boots, is poised and smiling, and her eyes are sparkling. She
is youthful for both her age, 58, and for what she has endured.
It’s hard to believe she was ever that cowering teenager—“a
shadow,” as an old friend of her ex-husband remembers her.
Even Tana Greene doesn’t recognize much about that
girl anymore. She is now a serial entrepreneur: She’s the
co-founder and CEO of two North Carolina–based national
sta;ng companies that, together, are on target to hit
$80 million in revenue this year. Greene’s success has
brought her a lifestyle that she couldn’t have imagined in her
younger years. She and her second husband, Mike Greene,
live in a palatial, country club home on Lake Norman, just
north of Charlotte. She and Mike hobnob with the local
moneyed set. Most recently, she founded Blue Bloodhound, a
startup that has raised roughly $9 million in venture funding
from investors including Oscar Salazar, the former CTO
of Uber; Curtis Arledge, the former CEO of BNY Mellon’s
investment management and markets group; and John
McCabe, the retired head of global operations at PayPal.
The company aims to transform how hiring works in one
of the most heavily regulated, conservative, and good ol’
boy industries in the United States—trucking.
Greene’s willingness to wade into this notoriously tough,
male-dominated industry is testament to just how far she’s
come from her teenage self. And powering nearly every step
she’s taken away from the terrifying lost years of her youth has
been a dream—to build something no one can ever take away. B;LUE BLOODHOUND’S sta; is assembled in the company’s headquarters, in Hickory, to discuss the results of their StrengthsFinder assessment, a Gallup personal-strengths test that Greene is a fan of. Hiring, assembling a cohesive team, listening deeply to people, convincing them to believe in her vision and their own, and pushing
them to the ends she has imagined have all evolved as Greene’s
most important, and profitable, strengths.
“Tana is one of those people who is an incredibly good
listener, is genuinely curious about learning from others, and
uses the input she gets to inform her own experience and
improve,” says Peter Bloom, a retired partner in an inter-
national growth equity fund and an investor in Blue Blood-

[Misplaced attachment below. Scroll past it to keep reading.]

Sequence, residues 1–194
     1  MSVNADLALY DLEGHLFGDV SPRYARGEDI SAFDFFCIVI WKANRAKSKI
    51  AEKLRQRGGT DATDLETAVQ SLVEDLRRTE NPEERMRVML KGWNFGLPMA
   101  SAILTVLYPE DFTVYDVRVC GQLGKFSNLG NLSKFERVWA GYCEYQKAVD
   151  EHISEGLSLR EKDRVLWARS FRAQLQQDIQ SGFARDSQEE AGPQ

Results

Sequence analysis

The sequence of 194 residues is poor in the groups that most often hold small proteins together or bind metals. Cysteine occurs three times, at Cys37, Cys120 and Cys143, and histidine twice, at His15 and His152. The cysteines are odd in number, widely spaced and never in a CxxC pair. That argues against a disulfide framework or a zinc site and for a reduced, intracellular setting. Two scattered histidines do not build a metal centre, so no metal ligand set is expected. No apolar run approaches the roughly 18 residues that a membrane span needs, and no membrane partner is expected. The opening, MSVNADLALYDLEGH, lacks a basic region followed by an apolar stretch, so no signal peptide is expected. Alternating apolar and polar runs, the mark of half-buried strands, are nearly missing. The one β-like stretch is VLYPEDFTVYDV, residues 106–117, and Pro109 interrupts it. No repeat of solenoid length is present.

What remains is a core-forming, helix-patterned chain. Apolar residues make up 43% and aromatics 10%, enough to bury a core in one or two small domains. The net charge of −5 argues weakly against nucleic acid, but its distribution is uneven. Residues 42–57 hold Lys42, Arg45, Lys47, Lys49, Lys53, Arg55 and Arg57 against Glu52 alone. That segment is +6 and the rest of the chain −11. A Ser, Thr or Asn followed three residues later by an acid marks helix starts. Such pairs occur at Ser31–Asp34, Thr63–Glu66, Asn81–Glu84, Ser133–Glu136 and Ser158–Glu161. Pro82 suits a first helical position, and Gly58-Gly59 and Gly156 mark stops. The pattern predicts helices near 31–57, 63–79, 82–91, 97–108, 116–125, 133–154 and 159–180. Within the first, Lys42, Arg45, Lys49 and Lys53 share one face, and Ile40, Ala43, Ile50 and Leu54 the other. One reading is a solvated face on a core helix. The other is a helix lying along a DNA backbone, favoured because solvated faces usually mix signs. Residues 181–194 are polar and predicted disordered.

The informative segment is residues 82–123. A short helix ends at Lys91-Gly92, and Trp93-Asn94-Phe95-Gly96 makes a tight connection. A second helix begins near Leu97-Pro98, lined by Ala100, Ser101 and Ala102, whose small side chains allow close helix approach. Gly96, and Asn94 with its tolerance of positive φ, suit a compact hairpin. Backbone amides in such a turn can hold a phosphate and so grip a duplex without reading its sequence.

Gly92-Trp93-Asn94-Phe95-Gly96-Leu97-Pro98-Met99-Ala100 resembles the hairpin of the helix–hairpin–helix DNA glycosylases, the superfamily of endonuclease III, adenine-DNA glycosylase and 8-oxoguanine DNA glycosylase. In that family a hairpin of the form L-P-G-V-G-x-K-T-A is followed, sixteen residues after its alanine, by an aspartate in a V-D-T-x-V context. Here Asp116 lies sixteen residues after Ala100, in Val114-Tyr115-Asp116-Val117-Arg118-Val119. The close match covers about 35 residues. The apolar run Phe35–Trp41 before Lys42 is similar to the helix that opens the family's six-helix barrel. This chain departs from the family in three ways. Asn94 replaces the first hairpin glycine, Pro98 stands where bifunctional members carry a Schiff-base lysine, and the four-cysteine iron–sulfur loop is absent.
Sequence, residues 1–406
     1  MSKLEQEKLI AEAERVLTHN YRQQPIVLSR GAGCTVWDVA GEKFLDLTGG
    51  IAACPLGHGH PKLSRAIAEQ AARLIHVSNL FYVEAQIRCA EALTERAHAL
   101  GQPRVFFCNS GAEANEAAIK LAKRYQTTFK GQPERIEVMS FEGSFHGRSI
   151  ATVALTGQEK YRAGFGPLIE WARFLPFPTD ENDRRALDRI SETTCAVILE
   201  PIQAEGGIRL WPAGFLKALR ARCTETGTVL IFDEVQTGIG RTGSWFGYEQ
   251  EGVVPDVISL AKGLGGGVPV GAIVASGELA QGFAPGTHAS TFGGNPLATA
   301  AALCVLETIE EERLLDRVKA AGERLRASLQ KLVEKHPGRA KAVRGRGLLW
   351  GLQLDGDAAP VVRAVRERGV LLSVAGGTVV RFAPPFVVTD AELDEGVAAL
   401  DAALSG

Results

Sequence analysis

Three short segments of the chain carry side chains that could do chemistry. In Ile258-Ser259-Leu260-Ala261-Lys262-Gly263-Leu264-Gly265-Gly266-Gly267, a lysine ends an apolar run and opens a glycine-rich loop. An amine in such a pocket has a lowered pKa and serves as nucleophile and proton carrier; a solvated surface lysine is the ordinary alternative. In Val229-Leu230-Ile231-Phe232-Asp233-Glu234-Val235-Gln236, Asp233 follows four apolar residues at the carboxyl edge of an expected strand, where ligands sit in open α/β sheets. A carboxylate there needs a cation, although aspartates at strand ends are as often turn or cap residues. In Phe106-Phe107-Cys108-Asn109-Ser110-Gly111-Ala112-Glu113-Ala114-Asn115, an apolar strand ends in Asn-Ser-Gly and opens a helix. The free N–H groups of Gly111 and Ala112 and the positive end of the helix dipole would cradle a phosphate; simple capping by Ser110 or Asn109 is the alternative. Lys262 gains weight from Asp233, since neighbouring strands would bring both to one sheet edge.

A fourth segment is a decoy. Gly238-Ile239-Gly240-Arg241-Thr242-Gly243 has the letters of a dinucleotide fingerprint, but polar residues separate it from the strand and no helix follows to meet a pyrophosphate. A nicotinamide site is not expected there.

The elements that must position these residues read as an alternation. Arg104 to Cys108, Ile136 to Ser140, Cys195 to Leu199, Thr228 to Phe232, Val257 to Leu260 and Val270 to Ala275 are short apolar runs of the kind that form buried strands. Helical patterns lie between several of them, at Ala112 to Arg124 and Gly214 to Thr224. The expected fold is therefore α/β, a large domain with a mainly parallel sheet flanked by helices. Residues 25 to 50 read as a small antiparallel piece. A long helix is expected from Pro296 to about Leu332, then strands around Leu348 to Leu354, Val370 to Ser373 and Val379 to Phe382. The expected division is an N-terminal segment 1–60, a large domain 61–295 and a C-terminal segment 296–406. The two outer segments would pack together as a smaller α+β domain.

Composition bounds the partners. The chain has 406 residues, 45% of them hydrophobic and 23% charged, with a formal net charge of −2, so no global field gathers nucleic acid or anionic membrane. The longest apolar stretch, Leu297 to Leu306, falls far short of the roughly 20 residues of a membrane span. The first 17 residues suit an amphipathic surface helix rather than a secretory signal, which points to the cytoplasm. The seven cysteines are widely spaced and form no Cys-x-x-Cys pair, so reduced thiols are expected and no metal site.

hound. “Those are the people you want to bet on.”
“She’s the glue of our company,” says Mike, her husband
of 32 years and business partner for almost as long. “She knows
how to make the organization a place where people feel like
they are part of something, and contributing to something.”
Standing before her Blue Bloodhound team, Tana asks,
“Does anybody know what a unicorn is in business?” When no
one answers, she tells them, “It’s a privately held billion-dollar
Even when Greene was a little girl (then named Tana
Bateman), she got a rush from an audience. She was outgoing
and did well in school in her hometown of Chesapeake,
Virginia. At 12, she was chosen by the school principal to
read the morning devotional over the loudspeaker. By 13, she
was the student chaplain and a member of the principal’s
committee. Leadership appealed to her.
Then, in her freshman year, Tana started dating Larry,
a senior. (Inc. is not publishing his last name for privacy
reasons.) She says he was possessive from the start, but she
went along with his demands that she drop her friends and
ride back and forth to school with him instead of taking the
bus. “He was Mr. Cool,” she says.
By the summer of her sophomore year, Tana was pregnant
with Larry’s baby. Her devout Presbyterian parents organized
a big church wedding and provided Larry and Tana with a
small home to live in. Her dad helped Larry find work roofing. Five days after Tana’s 16th birthday, she gave birth to a
son, Larry Jr.
Her new husband, Tana says, was a drinker and prone
to paranoia. He was convinced Tana might cheat on him,
so he unplugged the phone every morning and took it with
him to work, she says. He’d stop home at lunch and search
the house for men. He’d lock her in a closet for the night
when his friends came to visit.;Mike Knox, one of Larry’s
high school friends, says, “He was like a stick of dynamite.
It got to the point that I wouldn’t even go around Larry
because of what he was doing to her.”
Tana tried standing up for herself, but that ended the night
she says Larry grabbed her around the neck and slammed her
; FOR BE TTER OR FOR WORSE
Tana and Larry on their wedding day in 1974. Tana’s family
planned a white wedding when she told them she was
pregnant. Remaining unmarried was not an option.
As a teenager in an
Tana Greene was a
“shadow.” Today, she’s
a successful serial